harnessing the extremes of human biology to improve therapies for all patients
Autoimmune medications are a $54B market and one of the fastest sectors of medication spend in the U.S. However, they have variable response rates (30-60% patients initially respond, with a chunk of these losing response over time). For many biologic therapies, health insurers impose prior auth requirements that require patients to go through a "fail first" approach. Relatedly, a patient may end up settle on a suboptimal therapy that manages severe symptoms, while a treatment that has a more positive benefit on quality of life may never get tried. Finally, there are patients who after a lengthy trial-and-error process are never adequately treated. If a clinical diagnostic test existed that could predict medication effectiveness with high accuracy, this could enable faster, more cost effective management of autoimmune patients. Off the back end of our clinical test (which is based on clinically validated in vitro model systems of the human immune system), we are performing new drug development activities for non-responder populations.
right now physicians go through a trial-and-error process to get a patients an appropriate therapy and have to fight with health insurers to get prior auth on more expensive therapies. a clinical test that could predict response/non-response across all therapeutic options would be transformative. because of overlapping, MOA/immune modulation across autoimmune diseases, a new treatment pathway /target for non-responders could have widespread applicability. We are attempting to find new targets that produce similar biological effects as existing biologic, but work on non-responder populations. We describe this approach as making a "Nu"mira compared to Humira.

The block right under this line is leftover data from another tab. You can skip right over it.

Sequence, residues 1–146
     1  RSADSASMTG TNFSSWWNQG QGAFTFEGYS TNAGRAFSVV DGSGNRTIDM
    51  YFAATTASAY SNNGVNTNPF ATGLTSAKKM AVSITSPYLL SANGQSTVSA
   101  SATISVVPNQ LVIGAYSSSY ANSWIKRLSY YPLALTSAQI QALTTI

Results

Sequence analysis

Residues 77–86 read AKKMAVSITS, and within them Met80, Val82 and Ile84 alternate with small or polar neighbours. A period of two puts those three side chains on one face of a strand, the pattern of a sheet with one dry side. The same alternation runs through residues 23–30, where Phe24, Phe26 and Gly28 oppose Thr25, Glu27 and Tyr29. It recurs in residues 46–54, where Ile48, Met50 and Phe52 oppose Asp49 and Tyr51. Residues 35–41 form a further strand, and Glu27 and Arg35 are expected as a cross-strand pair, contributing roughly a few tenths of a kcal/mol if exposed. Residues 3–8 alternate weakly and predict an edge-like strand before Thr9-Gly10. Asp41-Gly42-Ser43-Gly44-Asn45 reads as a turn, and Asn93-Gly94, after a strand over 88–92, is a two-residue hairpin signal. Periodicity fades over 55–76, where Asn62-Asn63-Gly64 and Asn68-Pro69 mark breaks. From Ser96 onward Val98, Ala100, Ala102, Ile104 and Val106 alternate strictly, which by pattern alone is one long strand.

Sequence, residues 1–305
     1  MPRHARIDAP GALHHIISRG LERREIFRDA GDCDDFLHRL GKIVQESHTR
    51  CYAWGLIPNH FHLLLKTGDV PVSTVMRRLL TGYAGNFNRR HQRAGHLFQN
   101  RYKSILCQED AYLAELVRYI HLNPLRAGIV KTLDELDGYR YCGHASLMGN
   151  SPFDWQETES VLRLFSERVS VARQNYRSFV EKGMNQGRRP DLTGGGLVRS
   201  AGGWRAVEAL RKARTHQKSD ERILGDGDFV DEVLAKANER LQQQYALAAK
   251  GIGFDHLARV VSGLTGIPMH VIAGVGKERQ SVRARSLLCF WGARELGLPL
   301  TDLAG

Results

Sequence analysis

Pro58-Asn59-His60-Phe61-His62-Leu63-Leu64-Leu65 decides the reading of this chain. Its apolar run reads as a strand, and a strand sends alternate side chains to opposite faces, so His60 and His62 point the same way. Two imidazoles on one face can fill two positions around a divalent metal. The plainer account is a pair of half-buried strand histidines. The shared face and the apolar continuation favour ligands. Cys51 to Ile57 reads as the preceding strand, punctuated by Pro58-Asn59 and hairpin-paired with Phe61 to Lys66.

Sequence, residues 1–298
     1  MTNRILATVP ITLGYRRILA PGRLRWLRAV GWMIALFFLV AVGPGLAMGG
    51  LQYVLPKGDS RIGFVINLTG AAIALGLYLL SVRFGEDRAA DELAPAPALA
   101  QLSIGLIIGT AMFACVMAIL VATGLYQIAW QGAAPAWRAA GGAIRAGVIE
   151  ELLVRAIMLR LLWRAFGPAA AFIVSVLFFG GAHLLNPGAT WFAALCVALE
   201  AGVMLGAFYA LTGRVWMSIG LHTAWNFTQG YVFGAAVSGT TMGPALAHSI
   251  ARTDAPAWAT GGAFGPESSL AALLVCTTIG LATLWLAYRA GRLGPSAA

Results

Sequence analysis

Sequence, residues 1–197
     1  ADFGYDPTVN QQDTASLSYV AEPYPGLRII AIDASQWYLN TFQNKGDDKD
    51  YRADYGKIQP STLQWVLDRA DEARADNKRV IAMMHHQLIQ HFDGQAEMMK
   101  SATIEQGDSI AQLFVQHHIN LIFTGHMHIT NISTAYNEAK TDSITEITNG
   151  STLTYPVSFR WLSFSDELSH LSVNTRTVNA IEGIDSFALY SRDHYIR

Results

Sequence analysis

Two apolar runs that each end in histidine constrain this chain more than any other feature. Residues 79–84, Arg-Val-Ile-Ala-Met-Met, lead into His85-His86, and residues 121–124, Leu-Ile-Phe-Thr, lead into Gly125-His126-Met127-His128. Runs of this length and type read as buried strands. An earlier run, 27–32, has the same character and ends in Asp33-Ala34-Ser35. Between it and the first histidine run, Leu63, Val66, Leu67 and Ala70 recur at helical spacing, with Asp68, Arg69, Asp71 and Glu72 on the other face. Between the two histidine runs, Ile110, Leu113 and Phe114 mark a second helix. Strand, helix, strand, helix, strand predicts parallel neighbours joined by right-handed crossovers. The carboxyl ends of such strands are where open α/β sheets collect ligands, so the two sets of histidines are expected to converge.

LEO Pharma (2021) - target discovery Major IDN (2021) - research partnership GI Alliance (2021) - research partnership Crohn's and Colitis Foundation (2021) - research partnership Drugviu (2020) - research partnership